Amazon Warehouse Workers Reportedly Complain of Racism and Death Threats - CNET

2022-07-29 01:57:13 By : Ms. tammy chen

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Black Amazon warehouse workers were reportedly denied increased security and told they could choose to leave work without pay.

David Lumb is a mobile reporter covering phones, tablets, smartwatches, and how they're changing our lives. He spent the last decade reviewing phones for TechRadar as well as covering tech, gaming, and culture for Engadget, Popular Mechanics, NBC Asian America, Increment, Fast Company, and others. He has other loves than phones, of course -- namely coffee, beaches, and burritos.

Past and present employees at an Amazon warehouse near Chicago have reportedly filed claims with Illinois authorities charging that the company allowed racism and death threats against Black employees in the workplace.

Photos of racist and threatening graffiti in women's bathrooms were included in a complaint 26 current and former workers at the Amazon warehouse in Joliet, Illinois,made with the federal Equal Employment Opportunity Commission and Illinois Department of Human Rights, according to Chicago-based PBS station WTTW.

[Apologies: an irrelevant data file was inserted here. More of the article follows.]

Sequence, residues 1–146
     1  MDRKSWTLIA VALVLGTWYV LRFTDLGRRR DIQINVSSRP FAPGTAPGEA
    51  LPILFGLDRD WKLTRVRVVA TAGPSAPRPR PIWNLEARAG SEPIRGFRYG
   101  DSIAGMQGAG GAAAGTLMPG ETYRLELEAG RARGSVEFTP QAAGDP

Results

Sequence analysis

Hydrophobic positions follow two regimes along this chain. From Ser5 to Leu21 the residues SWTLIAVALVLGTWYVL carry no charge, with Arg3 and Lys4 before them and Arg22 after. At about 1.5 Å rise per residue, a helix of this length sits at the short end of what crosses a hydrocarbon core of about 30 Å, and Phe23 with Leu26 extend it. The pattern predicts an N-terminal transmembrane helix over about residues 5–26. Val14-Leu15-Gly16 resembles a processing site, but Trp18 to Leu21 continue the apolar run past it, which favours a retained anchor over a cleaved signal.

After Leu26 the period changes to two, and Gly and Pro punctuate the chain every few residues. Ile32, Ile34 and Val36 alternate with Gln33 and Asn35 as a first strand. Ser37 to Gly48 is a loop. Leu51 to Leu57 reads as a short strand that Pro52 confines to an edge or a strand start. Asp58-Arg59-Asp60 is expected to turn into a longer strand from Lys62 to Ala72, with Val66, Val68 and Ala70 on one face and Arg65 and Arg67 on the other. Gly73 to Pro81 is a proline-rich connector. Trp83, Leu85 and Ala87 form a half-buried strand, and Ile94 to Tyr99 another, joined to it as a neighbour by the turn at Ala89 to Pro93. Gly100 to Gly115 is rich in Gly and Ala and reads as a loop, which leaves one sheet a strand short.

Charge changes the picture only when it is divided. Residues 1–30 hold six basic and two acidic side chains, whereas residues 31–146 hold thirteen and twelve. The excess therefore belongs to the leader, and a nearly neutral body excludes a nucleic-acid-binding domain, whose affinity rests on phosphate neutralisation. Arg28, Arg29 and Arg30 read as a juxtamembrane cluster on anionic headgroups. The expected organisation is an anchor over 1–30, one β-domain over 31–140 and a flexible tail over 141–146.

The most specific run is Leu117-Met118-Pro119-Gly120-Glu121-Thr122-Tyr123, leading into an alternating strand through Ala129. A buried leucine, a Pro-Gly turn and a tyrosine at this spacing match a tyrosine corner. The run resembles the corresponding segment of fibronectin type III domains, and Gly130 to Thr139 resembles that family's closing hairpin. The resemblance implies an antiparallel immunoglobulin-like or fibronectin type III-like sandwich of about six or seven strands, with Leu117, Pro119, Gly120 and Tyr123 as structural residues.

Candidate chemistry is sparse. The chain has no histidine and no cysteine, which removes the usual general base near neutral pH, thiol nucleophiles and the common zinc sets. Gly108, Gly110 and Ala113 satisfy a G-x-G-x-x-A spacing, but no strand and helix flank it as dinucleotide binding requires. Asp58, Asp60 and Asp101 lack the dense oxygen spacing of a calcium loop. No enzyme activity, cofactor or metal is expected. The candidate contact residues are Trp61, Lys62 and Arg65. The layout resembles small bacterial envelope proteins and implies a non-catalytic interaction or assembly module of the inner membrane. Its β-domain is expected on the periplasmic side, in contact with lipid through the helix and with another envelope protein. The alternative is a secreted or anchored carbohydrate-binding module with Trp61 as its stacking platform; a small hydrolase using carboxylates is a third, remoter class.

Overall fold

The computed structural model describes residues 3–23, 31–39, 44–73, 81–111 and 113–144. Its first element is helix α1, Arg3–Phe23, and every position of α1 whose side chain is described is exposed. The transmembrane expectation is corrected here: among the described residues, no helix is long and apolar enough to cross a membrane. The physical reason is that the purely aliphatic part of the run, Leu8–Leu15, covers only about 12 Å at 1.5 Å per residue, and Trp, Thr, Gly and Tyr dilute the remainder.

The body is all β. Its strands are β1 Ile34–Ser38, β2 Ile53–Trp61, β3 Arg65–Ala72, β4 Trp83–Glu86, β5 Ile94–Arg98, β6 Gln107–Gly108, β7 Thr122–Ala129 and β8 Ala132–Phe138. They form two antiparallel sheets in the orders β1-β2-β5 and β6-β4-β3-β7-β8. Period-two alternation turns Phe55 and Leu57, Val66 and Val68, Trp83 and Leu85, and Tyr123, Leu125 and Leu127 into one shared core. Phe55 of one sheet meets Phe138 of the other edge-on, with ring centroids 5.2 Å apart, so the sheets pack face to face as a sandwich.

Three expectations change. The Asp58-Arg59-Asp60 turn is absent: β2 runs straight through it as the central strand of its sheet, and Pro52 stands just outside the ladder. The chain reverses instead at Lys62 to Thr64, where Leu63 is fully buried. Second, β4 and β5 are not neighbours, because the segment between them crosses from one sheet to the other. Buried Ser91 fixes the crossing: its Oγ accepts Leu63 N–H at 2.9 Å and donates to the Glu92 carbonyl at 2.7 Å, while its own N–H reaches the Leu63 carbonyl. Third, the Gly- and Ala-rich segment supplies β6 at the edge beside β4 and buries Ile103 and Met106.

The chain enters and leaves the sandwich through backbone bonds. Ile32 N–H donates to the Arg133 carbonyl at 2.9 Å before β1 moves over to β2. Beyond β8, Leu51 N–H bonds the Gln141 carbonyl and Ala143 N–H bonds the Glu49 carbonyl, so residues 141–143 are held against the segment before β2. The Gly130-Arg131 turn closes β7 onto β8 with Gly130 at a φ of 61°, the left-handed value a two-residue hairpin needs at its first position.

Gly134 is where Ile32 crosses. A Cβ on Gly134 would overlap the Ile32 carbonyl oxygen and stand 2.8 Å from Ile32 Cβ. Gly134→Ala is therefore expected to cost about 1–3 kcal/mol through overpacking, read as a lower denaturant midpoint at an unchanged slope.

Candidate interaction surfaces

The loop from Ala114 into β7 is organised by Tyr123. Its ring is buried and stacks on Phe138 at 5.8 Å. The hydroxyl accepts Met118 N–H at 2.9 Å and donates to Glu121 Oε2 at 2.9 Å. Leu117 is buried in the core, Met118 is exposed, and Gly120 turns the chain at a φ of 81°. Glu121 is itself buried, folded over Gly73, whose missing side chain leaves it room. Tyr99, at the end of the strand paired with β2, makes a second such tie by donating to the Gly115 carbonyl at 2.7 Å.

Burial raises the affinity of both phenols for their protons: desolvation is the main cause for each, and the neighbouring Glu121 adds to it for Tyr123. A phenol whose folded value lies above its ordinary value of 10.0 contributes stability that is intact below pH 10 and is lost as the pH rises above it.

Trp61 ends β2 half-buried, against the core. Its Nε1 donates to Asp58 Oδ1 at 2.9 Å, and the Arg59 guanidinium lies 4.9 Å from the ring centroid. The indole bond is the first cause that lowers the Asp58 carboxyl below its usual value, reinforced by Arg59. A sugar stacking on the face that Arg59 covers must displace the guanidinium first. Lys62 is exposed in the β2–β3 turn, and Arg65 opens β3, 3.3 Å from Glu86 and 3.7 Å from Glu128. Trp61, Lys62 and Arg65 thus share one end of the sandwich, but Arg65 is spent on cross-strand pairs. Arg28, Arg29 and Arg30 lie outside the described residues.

When Black employees asked for better security at the warehouse amid death threats, they were reportedly denied and told their only option was to leave work for the day and forgo getting paid. 

Read also: NY State Accuses Amazon of Discrimination Against Pregnant and Disabled Workers

The workers also allege management ignored complaints about other employees wearing clothes that included images of the Confederate flag and denied worker requests to swap shifts in order to celebrate Juneteenth, a federal holiday that marks the end of slavery in the US, according to the report.

One of the Joliet warehouse workers who filed the complaint, Tori Davis, said she was fired earlier in July after telling Amazon she'd take legal action if her complaints of racism weren't addressed, according to WTTW, and is appealing her firing.

The allegations come amid Amazon's fight against its workers' unionization efforts. In May, Amazon fired employees at a Staten Island warehouse who had voted to unionize. A month earlier, the company was forced to reinstate a worker fired two years ago for protesting poor working conditions in the early days of the coronavirus pandemic.

"Amazon works hard to protect our employees from any form of discrimination and to provide an environment where employees feel safe. Hate or racism have no place in our society and are certainly not tolerated by Amazon," Amazon spokesperson Richard Rocha said in a statement to CNET.